High School Advice: Summer Program at University of Texas, Austin

August 19, 2015

Photo by Kumar Appaiah via Flickr

College often seems to be a vague, looming entity on the horizon of our high school years, but many kids have little idea what attending college is actually like. Even though college thoughts may be on your mind or the topic of discussion at the dinner table pretty often, big questions from, “What does living on campus entail?” to, “How much work is there?” may long go unanswered. As Jeremy, a rising senior from New York, found out through his experience at the University of Texas at Austin last summer, spending time at a pre-college program can be extremely beneficial to helping shed light on some of these topics and getting a first hand look into what the college-life is all about.

Admittedly, it was a little strange at first to be living surrounded by only kids my age and not having anyone to tell me to get ready for school, brush my teeth, or do my homework—but everyone quickly adjusted to and made the most out of their newfound freedom. If someone was concerned or confused about anything from doing laundry to eating in the dorms, another student or a faculty member was always happy to assist. I went to Austin with a friend from home, which made meeting new people easy; anyone one of us met we would introduce to the other. And there were tons of new people to meet. Although I am shy by nature, making new friends was as easy as 1, 2, 3: One: say, “Hi, I’m (name)!” Two: say “Can you believe how hot it is!?” (There is no step three.) What is amazing about the college setup is that you meet new people from all over the country and the world, living right across the hall from you. In spite of them being from different places, you can always find something in common to talk about: sports, food, classes, guys or girls. Everyone had a positive, welcoming attitude no matter their age, personality, or nationality (unless their team was losing during the World Cup).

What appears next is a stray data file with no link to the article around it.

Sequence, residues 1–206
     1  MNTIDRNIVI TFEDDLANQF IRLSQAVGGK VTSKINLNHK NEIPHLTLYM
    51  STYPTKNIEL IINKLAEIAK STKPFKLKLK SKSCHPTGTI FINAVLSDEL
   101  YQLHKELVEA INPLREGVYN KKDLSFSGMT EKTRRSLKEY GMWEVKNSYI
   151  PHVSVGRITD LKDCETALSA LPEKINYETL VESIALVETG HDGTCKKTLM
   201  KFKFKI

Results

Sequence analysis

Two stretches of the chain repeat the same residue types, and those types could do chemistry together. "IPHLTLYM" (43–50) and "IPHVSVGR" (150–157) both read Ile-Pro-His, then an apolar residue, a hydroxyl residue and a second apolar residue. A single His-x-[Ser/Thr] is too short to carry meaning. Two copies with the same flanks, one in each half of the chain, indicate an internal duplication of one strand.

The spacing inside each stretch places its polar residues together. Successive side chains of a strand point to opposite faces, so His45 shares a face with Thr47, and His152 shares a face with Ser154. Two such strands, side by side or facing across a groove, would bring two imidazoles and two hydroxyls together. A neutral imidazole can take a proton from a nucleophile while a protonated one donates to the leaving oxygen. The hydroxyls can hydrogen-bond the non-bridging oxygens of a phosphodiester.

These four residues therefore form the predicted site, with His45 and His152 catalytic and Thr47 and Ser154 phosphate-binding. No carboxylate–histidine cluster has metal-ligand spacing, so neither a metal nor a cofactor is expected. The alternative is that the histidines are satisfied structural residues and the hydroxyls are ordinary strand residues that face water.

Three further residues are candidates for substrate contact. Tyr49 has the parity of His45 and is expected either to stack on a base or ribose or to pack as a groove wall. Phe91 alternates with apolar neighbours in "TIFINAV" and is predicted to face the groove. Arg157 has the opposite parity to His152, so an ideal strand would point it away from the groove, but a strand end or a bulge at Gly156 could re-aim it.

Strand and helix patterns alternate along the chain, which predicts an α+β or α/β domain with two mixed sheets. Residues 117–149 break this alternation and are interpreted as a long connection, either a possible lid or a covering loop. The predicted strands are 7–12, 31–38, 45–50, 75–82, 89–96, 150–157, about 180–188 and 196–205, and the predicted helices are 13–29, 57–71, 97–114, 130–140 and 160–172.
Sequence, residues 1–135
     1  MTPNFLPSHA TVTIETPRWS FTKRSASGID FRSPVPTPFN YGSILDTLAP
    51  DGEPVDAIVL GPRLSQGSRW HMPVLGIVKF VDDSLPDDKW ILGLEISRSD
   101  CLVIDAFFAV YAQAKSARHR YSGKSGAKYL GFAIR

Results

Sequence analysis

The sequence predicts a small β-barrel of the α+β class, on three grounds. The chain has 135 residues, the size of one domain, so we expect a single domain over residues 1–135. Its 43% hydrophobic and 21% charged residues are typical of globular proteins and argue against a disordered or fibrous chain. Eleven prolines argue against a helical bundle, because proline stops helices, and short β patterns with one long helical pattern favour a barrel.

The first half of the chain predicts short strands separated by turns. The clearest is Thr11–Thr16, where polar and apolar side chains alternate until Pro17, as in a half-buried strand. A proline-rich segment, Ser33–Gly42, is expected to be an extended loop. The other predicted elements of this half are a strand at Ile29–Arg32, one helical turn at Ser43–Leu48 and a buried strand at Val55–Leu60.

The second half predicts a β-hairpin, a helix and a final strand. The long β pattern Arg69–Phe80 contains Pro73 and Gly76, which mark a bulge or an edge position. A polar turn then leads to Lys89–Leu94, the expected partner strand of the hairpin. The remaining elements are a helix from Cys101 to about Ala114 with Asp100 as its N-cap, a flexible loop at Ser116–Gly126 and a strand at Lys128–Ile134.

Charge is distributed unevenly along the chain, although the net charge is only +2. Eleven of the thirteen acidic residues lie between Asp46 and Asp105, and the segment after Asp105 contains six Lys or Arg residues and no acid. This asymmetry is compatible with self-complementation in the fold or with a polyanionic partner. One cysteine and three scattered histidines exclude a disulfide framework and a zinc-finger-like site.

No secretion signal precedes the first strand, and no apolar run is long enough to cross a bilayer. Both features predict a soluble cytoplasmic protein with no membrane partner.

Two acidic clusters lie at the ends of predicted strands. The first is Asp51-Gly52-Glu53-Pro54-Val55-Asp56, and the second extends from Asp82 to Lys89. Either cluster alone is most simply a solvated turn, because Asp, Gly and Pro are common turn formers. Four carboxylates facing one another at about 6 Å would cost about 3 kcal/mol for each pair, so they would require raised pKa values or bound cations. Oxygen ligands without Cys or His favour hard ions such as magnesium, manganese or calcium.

During my three weeks at Austin, I studied two programs, one in Sports Management and one in Philosophy, which I found to be really interesting and informative. In terms of workload, they were not overwhelming at all, in part, because I was interested in the courses and therefore I was motivated to do the assignments. The classes, taught by UT professors, were unlike high school classes in that they emphasized group discussion, long term projects, and application of material, and shied away from tests, memorizing information (such as vocabulary words), and busy work. In terms of assignments, just like in high school, it was definitely manageable as long as you paced yourself. Some kids found out the hard way that the work should be done smoothly, like running a marathon, not like a frantic sprint to the finish line!

Image by Earl McGehee via Flickr

One of the best things about the program was the free time. From 3-12 p.m. on weekdays and all weekends you could do whatever your heart desired. This gave people the free time to go swimming, watch movies in the theater, play sports in the rec center, or just hang out in the dorms or on campus. No matter what you were in the mood to do, there were always fun things happening with people who always wanted you to join in. A great thing about the UT campus was the campus life. Austin’s campus is part of the city of Austin, so there were tons of great places just a few blocks from the dorms to eat, including specialty food trucks that Austin is known for, tons of stores to shop in, for clothes, Longhorns gear, cowboy boots, and unique sights and people that could only serve to, as the city’s slogan says, “Keep Austin weird!”

I had an amazing time at UT and got an awesome snapshot of the college life firsthand, from eating in dorms, to getting work done, to relaxing with newfound friends. I highly recommend anyone who wants to learn a lot about college to find a pre-college program that suits you!

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UT Austin ‘18

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